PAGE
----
And more from our Liz: Mel Gibson as a Jewish hero?… Musicals dominate Broadway … Karl Lagerfeld on royal weddings and big creeps
“HIS MOUTH is full of cursing and deceit and fraud: under his tongue is mischief and vanity,” says the Bible.
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I WAS reminded of this quote on seeing reports that Dick Cheney, who acted as vice president for George W. Bush (but we know who really ran the works!) suggested it “wouldn’t be a bad idea” if Hillary Clinton challenged Barack Obama next year in the run for president.
Oh, Dick, please find the rock you were under and go away. This will never happen. Mrs. Clinton knows it would tear her party to shreds. The only way it could happen would be if Obama stepped aside and asked her to run. This will not happen either. But it’s a nice way to foment more discontent among Democrats. Dick is like Mike Myers’ creation, Dr. Evil. Only not so funny.
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REPORTER Mike Fleming’s exclusive, which appeared on “Deadline New York” last Friday, told us that Mel Gibson will make a movie, written by the controversial Joe Eszterhas. In this movie, Mel will play the heroic Judah Maccabee. He was a revolutionary scriptural leader of the Jews in the 2nd century B.C.
Writer Eszterhas was once the most successful screenwriter in Hollywood, having scored with “Basic Instinct,” “Jagged Edge,” “Flashdance,” and “Music Box.” He, like Mel, was always an obstreperous Hollywood bad boy. But as a human being, I admired him and thoroughly enjoyed his company in his later life and semi-retirement from the scene. This was when he segued from hanging with stars like Sharon Stone and quarreling with Hollywood’s VIP agent Mike Ovitz by moving to Ohio with his loyal wife and numerous sons.
Now, Mel Gibson is one of moviedom’s true hero/villains, having scored as a tough tender leading man in movie success after movie success before he imploded on drugs, drink and several arrests. We won’t dwell on his leaving his longtime marriage and many children for another woman. (And that didn’t work either!) Gibson became a fixture of headlines, suffering DUIs, while he frothed at the mouth about Jews, women, and the Law.
But both these talented giants are back! Now, Mel is about due for a total Hollywood comeback playing a heroic historic Jew even though scores of people believe him to be anti-Semitic.
Mr. Eszterhas has survived Mr. Fleming’s writeup about him as a rehabilitated ex drunk, drugger and womanizer.
The report on these two larger-than-life talents however, neglects to add that the last I heard, the devoutly Roman Catholic Mel evidently still believes that anyone who isn’t is definitely going to hell!
And, Joe, after a bout with serious cancer, has become — of all things — a reformed, sensitive soul greatly influenced by Christian philosophy.
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THE ASTONISHING actor Hugh Laurie was recently profiled in The New York Times magazine under this headline: “I equate happiness with contentment, and contentment with complacency, and complacency with impending disaster.”
Meanwhile the English Mr. Laurie has become one of the most popular actors in American television as the acerbic and mysterious sadist doctor in the long-running series “House.”
The occasion of his giving an interview to Gavin Edwards was the release of his album of New Orleans blues, titled “Let Them Talk.” I was amused that here was an entire story about Hugh Laurie that didn’t bother to mention he once played the father of a mouse in the movie “Stuart Little.”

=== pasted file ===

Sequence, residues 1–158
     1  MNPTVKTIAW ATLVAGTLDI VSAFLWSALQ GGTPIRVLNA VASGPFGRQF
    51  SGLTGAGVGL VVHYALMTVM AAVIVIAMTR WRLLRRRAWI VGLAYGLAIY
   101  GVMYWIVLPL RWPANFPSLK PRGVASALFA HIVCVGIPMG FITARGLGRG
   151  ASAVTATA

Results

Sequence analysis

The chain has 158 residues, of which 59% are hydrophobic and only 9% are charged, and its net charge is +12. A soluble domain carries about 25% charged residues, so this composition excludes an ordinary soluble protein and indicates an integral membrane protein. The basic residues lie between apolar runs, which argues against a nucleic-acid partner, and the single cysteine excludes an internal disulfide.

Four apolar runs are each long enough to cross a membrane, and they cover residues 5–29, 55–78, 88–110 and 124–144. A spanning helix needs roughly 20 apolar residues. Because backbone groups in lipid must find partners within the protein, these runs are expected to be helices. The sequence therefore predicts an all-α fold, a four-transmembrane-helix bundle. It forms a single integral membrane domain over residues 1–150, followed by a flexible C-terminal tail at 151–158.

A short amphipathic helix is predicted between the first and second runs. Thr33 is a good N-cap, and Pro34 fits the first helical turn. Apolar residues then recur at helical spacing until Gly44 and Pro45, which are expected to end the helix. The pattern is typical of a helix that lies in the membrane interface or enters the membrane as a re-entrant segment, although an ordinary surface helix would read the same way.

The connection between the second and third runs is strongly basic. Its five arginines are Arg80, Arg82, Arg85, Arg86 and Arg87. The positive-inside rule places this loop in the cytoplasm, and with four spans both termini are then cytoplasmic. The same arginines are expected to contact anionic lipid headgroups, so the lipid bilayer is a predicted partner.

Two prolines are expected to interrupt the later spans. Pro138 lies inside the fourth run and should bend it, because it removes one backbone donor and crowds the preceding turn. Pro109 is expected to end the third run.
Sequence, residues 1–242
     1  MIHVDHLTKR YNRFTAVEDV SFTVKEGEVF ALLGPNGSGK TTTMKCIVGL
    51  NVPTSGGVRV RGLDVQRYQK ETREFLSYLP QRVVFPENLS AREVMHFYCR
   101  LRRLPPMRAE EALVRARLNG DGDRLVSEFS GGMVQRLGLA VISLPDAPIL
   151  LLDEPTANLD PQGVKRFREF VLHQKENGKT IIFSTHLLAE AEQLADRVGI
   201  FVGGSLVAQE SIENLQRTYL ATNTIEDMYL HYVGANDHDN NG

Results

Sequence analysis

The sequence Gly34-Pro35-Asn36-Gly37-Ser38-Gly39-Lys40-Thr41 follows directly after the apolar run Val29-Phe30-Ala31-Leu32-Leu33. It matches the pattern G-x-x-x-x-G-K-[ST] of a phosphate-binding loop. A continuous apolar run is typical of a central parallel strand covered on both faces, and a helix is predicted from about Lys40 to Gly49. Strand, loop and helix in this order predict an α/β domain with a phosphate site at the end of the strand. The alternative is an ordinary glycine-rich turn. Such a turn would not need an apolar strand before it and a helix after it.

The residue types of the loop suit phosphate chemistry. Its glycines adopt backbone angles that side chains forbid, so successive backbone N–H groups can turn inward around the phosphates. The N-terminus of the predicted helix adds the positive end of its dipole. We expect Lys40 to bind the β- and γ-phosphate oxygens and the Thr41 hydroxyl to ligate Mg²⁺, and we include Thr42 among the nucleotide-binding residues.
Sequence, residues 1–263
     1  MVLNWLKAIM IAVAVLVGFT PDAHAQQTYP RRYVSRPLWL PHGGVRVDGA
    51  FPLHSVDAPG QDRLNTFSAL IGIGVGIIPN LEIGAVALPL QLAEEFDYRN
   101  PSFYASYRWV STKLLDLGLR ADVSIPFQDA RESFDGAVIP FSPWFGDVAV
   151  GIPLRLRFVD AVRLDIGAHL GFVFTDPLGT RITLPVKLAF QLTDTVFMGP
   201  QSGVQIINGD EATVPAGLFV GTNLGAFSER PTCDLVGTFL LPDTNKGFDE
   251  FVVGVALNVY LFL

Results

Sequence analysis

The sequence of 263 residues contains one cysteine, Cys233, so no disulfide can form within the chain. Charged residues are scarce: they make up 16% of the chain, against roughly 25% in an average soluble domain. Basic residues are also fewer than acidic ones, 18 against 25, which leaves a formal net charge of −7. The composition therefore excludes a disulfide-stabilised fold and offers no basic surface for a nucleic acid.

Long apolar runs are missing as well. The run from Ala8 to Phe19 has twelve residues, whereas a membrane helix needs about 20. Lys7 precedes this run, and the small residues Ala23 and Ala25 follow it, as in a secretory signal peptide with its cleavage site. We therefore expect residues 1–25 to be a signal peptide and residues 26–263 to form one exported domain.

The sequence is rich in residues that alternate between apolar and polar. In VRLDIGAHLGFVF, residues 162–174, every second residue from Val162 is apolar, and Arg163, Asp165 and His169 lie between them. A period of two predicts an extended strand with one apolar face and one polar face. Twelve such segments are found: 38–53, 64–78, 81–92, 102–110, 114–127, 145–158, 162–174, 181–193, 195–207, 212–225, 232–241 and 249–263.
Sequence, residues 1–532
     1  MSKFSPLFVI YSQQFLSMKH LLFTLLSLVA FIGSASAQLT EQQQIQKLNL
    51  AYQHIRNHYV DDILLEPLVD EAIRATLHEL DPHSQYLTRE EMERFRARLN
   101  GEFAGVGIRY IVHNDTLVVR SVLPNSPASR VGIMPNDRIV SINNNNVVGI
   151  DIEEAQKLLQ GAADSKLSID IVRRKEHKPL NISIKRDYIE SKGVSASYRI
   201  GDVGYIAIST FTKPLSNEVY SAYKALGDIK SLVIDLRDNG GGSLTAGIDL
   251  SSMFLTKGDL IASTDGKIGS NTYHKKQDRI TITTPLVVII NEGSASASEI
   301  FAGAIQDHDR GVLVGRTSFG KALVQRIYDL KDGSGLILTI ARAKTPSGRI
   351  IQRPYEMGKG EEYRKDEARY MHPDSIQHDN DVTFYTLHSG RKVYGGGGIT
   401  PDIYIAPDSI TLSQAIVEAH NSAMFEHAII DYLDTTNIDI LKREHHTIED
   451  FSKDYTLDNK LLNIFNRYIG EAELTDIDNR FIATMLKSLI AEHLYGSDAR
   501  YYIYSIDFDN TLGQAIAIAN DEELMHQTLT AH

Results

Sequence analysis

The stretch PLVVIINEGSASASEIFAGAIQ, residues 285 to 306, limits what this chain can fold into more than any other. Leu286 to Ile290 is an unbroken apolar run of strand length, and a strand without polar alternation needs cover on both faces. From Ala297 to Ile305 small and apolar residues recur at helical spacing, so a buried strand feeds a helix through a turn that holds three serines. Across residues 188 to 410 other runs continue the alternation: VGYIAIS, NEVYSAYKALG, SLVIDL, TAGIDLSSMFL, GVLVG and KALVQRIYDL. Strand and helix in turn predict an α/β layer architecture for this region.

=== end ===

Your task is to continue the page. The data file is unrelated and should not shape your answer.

Now that’s a diverting claim to fame!
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IS THIS a first?! In the more than 60 years I’ve been going to Broadway shows, starting with “Gentlemen Prefer Blondes,” I have never before seen a moment when there was only one “straight” play on the boards.
Eighteen of the nineteen shows on Broadway are musicals. Only the wonderfully touching “War Horse” is a drama — and it is a true marvel and hit of hits. And “War Horse” is quite a way “up” Broadway at the Vivian Beaumont Theater of Lincoln Center.
Of course, things will change the moment Terence Rattigan’s “Man and Boy,” starring Frank Langella, opens on October 9th at the American Airlines Theater on 42nd Street. October will bring us “The Mountaintop,” starring Angela Bassett and Samuel L. Jackson. There’ll also be “Relatively Speaking,” three one-act plays written by Ethan Coen, Elaine May and Woody Allen.
In November, we’ll see a revival of Noel Coward’s “Private Lives” with Kim Cattrall and Paul Gross. (She scored big in this in London last year.)
December brings “Bonnie & Clyde,” starring Laura Osnes and Jeremy Jordan. But, guess what? It’s a musical by Frank Wildhorn and Don Black.
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WELL, IT certainly took Karl Lagerfeld long enough to weigh in on the fashions of the royal wedding. Goodness, I’d all but forgotten that William and Kate had wed. Too many earthquakes, hurricanes, wildfires and unemployment over here to have that event linger in my mind.
Anyway, Karl disdained most of what the women wore, citing “bad proportions…ugly hats and short skirts on fat legs.” He did have praise for the bride, however. “Her gown was very refined. Much more refined than the one Diana wore.” (Please, it was the excessive 1980’s. Diana’s gigantic Cinderella gown was totally of its time.)
Karl says women who criticize thin models are “fat mummies sitting in front of the TV with their bags of crisps.” Karl, don’t hold back and don’t get your fingerless gloves soiled.
Oh, and Karl got away from fashion long enough to comment on Dominique Strauss-Kahn, now back in France after his run-in with the Manhattan justice system. “I love DSK. I love his wife. They are great people and when they came back, I sent them flowers. He’s fun. He’s great, he’s a sweet guy — as long as you’re not a woman.”